First, the fundamental `quantum gravity' theory is generally assumed to have the Planck level as its characteristic scale. Expressed as a temperature, this Planck level lies at approximately 10^32 K. On the other hand, almost all of the observable universe has temperatures that barely exceed the cosmic background radiation temperature of a few Kelvins. Even the interior of a star such as the sun is more than 20 orders of magnitude colder than the Planck temperature, while the highest energies that are planned to be produced at the Large Hadron Collider are still roughly 15 orders of magnitude lower than the Planck scale. So the degrees of freedom of quantum gravity, independently of their fundamental structure, are probably effectively frozen out in most of our universe, just like in a condensed matter system in a low-temperature laboratory.

    "
     
  12. Oct 30, 2010 #11

    qsa

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    I reitrate my question, why is it that when two particles waves overlap no gravitational interaction is expected. yet the particles could be sitting on top of each other statistically. I assume running coupling G is almost 1 near the particle.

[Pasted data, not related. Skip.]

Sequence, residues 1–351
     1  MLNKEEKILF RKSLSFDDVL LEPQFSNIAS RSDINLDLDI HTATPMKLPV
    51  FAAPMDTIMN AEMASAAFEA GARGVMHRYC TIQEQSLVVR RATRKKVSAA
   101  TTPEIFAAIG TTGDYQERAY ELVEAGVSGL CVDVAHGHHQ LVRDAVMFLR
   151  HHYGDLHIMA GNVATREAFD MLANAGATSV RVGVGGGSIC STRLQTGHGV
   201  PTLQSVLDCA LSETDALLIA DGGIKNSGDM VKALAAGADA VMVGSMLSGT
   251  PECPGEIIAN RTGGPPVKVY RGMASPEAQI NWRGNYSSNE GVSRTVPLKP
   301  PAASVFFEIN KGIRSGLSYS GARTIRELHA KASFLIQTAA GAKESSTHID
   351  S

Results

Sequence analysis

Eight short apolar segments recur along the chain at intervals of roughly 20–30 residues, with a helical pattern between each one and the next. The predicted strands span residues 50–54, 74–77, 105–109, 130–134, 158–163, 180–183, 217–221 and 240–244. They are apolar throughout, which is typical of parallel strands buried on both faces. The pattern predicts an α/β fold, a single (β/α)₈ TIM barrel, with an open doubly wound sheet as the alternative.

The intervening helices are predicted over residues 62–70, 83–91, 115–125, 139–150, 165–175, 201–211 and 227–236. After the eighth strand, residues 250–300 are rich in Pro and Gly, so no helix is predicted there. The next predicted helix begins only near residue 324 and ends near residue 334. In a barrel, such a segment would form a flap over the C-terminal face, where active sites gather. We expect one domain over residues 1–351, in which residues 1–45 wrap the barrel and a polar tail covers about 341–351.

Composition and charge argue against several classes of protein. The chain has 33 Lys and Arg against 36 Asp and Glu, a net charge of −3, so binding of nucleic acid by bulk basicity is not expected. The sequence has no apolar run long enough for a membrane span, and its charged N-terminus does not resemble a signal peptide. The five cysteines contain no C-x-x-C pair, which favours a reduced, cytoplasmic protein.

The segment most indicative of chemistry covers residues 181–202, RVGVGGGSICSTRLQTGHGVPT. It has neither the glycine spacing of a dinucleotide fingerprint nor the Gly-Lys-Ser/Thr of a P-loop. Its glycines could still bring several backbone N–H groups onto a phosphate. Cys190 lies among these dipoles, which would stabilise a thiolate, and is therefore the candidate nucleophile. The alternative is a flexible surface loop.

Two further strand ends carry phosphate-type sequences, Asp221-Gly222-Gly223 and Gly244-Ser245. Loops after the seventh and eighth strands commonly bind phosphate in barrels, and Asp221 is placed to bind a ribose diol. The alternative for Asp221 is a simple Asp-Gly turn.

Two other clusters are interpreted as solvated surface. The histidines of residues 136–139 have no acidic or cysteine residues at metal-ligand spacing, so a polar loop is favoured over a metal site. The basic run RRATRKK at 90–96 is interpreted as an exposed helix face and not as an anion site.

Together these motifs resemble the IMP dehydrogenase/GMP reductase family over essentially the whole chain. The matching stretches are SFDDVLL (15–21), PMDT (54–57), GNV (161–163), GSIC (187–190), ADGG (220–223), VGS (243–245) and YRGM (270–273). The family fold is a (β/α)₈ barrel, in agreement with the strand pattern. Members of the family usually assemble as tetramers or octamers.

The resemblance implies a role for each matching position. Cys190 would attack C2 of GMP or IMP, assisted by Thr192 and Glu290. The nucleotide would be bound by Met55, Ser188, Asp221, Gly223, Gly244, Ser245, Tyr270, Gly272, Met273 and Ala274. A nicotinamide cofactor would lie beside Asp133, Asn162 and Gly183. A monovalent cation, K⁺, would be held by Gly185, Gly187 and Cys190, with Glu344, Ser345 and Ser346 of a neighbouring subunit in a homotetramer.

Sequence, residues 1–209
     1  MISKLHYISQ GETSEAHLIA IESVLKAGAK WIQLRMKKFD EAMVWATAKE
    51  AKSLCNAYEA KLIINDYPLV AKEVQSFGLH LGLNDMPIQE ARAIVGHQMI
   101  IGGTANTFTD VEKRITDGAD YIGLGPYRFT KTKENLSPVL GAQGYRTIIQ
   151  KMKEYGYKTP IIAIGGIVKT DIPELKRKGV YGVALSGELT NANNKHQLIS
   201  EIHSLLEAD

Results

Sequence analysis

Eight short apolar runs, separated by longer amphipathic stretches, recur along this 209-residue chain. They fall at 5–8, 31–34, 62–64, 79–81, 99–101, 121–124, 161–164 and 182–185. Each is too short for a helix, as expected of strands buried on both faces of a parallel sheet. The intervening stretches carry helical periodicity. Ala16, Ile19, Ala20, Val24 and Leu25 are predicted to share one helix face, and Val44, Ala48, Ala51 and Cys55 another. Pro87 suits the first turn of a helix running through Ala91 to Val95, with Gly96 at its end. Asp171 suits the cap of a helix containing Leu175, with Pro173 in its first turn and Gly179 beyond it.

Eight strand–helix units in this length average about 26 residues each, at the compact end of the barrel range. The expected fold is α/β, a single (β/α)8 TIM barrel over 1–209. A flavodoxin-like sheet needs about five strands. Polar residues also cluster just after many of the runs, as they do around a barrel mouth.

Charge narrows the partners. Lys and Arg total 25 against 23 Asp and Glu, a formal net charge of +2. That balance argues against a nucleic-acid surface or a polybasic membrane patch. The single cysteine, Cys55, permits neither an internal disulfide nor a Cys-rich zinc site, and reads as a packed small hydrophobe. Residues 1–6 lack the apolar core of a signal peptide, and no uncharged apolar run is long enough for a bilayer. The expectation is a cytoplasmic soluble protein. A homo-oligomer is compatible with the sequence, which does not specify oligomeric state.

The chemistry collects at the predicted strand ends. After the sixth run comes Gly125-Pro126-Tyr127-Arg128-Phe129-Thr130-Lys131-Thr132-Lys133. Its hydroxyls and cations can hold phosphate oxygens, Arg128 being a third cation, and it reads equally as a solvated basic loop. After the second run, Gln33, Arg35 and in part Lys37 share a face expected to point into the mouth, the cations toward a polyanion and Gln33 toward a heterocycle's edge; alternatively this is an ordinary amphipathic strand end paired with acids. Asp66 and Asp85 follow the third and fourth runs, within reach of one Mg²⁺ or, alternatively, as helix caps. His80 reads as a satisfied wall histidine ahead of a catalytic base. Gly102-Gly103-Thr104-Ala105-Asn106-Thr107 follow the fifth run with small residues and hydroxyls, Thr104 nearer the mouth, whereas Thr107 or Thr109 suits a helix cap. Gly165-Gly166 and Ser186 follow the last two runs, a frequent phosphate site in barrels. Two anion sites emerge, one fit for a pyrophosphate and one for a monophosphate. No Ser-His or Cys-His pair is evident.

13. Oct 30, 2010 #12
    Like it's been said, there will be gravitational effects, just very small. Even if you take the classical force laws, and compare gravity to coulomb force, for eg two electrons you'll get that gravity is like 10^-40 weaker than coulomb force. Eg zero for all purposes, and unmeasurable.
     
  14. Nov 1, 2010 #13

    qsa

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    Thank you for your response. the classical calculation is well known to me, but I guess I am not clear in my question. Since I am trying to get some connection between wavefunction(QM) and gravity I am more asking about the nature of QG. So when two waves overlap that is equivalent (or is it) to two particles sitting on top of each other, then shouldn't the particles gravities affect each other since their potential is of 1/r and r is going to zero (or maybe G going to 1). Or I guess the whole wavefunction must be taken into account. In this case you should see some effect if both are delta function sitting near each other. but the wave function must carry G somewhere (probably involving all constants but changing with distance). Any other ideas!
     
  15. Nov 4, 2010 #14

    qsa

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    a follow up idea is that the two delta functions (at or near Lp) represent particles with huge masses, which I guess no amount of gravity force can make them budge. hence f=ma breaks down since a=0, what do you think.